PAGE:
There’s a popular link floating around today for a.. surprise.. Stack Overflow question that quite predictably dispenses some worst-case advice regarding the use of kill -9. As the topmost voted answer puts it:
If you don’t give the process a chance to finish what it’s doing and clean up, it may leave corrupted files (or other state) around that it won’t be able to understand once restarted.
And that, ladies and gentlemen, is exactly why you should kill -9 software as a matter of routine – like “kill -TERM” is to “kill -KILL”, “kill -KILL” is to a lightning strike that just melted your generator and set fire to a tree 3 miles down the road.
When relying on software to pay our bills, ideally we’d like to discover these corruption scenarios before they’re rolled into production, and if an app can get into a bad state due to a perfectly acceptable software condition occurring (e.g. such is the case on a poorly configured Linux box and the OOM killer kicking in), imagine how that same software would deal with an actually difficult fault occurring in hardware.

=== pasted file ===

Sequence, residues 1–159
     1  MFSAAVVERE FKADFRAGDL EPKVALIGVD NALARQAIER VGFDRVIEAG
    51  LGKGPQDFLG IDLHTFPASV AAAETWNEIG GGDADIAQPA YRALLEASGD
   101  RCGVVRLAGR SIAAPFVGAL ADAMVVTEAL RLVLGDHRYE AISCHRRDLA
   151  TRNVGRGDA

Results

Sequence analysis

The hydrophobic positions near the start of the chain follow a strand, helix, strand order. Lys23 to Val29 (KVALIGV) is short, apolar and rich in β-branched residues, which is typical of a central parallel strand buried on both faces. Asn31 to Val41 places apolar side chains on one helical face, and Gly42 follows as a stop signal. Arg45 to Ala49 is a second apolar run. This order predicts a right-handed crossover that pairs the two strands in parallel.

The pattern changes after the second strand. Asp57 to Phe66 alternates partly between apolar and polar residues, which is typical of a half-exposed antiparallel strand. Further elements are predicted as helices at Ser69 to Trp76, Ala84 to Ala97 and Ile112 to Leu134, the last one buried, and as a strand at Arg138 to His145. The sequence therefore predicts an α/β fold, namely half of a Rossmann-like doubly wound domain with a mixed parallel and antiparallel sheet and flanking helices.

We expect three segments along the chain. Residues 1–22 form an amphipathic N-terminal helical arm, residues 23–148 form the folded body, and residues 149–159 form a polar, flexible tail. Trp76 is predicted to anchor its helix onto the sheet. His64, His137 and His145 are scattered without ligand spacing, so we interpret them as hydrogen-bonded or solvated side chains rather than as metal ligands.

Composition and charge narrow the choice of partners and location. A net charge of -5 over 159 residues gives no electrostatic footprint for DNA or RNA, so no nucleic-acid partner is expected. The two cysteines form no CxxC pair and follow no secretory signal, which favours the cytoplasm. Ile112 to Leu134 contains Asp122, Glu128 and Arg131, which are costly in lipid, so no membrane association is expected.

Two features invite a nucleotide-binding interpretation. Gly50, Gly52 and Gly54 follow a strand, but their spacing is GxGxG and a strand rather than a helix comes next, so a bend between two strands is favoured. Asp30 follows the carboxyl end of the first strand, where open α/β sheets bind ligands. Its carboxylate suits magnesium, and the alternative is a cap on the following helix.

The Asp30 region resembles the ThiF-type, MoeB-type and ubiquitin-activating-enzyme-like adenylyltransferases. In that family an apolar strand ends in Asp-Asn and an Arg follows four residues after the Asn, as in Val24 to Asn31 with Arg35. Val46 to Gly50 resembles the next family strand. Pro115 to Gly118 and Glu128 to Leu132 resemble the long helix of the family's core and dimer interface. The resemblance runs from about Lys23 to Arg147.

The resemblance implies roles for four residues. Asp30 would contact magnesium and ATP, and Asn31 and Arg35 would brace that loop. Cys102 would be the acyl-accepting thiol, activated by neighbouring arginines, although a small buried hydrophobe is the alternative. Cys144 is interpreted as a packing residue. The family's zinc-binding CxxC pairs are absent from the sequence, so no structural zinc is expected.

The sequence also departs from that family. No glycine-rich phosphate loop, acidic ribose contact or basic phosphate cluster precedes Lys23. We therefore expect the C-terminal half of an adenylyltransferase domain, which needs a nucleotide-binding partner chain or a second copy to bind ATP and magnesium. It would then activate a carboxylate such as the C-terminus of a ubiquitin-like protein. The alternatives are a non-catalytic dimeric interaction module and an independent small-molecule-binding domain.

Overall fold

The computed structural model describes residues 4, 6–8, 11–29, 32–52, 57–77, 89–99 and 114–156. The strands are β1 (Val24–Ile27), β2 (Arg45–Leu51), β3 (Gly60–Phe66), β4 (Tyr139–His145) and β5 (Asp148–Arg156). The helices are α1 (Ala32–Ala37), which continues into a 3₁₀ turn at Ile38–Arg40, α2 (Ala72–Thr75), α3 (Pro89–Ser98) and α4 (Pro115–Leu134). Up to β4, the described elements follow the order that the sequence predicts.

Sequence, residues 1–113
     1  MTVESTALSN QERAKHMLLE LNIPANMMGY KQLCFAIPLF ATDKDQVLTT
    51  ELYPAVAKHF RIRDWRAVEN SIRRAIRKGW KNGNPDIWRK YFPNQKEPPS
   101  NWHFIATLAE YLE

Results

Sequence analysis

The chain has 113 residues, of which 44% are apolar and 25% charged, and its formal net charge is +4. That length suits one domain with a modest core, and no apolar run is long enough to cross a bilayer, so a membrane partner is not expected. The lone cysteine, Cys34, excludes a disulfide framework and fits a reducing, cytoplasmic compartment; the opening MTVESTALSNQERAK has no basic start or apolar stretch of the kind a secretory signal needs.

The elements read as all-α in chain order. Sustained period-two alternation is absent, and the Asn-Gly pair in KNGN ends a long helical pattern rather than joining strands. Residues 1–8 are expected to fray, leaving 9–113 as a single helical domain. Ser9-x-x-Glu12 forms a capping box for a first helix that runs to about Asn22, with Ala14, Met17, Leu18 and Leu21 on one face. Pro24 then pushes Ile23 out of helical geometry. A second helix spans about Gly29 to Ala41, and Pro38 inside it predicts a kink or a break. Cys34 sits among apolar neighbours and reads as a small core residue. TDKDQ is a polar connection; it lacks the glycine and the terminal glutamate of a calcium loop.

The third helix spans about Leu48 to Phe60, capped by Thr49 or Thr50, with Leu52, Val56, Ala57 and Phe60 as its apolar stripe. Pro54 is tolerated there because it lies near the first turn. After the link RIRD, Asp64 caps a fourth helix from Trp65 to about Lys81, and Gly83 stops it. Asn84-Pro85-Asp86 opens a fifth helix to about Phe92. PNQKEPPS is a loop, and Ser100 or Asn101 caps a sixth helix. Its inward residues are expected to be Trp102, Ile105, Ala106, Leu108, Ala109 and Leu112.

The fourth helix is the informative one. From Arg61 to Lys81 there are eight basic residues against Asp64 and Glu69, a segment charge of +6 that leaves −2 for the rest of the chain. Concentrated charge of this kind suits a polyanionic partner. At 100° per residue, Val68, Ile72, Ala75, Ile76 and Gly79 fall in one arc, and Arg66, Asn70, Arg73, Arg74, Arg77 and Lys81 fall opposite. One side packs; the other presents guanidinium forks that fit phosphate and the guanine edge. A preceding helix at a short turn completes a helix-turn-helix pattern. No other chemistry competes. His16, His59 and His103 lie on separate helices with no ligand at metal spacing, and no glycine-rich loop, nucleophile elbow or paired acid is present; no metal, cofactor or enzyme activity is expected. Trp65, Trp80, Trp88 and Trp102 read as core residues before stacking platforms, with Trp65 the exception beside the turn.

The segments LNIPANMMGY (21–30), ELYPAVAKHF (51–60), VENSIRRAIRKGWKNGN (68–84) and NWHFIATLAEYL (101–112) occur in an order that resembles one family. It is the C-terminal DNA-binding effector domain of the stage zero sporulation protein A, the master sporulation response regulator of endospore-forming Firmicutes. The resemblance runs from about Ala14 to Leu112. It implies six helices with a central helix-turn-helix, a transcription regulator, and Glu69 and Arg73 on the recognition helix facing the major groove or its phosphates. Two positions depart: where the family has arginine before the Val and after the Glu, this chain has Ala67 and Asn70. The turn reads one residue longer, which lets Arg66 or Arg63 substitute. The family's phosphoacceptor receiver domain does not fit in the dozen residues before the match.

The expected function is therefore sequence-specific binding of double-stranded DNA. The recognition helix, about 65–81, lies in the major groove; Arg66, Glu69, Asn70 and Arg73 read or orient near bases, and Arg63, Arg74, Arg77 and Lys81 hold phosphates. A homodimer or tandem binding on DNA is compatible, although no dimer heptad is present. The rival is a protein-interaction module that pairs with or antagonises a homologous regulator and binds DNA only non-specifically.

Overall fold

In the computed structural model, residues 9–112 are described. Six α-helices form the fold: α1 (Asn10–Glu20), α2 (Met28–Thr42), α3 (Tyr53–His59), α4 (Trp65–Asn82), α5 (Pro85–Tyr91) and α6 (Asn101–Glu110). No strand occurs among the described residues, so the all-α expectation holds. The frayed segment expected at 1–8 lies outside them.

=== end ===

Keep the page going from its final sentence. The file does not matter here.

If you have software that cannot successfully round-trip a kill -9 without failing to restart, or without corrupting user data (or worse, an account balance), then you have a ticking time bomb for the moment you, or a customer, or a little condensation trips a breaker at the worst possible moment.
Don’t forget that in the brave new word, perfectly acceptable conditions include Amazon’s network going down, or your EC2 instance being terminated without warning.
In most cases it is quite a simple matter to remove non-transactional behaviour from a software design, especially when it is built from well-matured storage and messaging primitives, and even when its function involves bridging with external systems over which the developer has no control. It is one of the main reasons for insisting on storing data in an SQL database or similar, even when alternatives exist (aka. filesystem).
This design approach is well understood and even comes with a fancy name: crash-only software. There are fringe benefits too. From LWN, July 2006:
George Candea and Armando Fox noticed that, counter-intuitively, many software systems can crash and recover more quickly than they can be shutdown and restarted. […] In their experiments, no important data was lost. This is not surprising as, after all, good software is designed to safely handle crashes
This would have made a good lead-in to discussing why it’s a great idea to always treat software as a distributed system, long before it ever interacts with a network interface, but I’m hungry and so it seems that’s a rant for another time.
Happy kill -9’ing!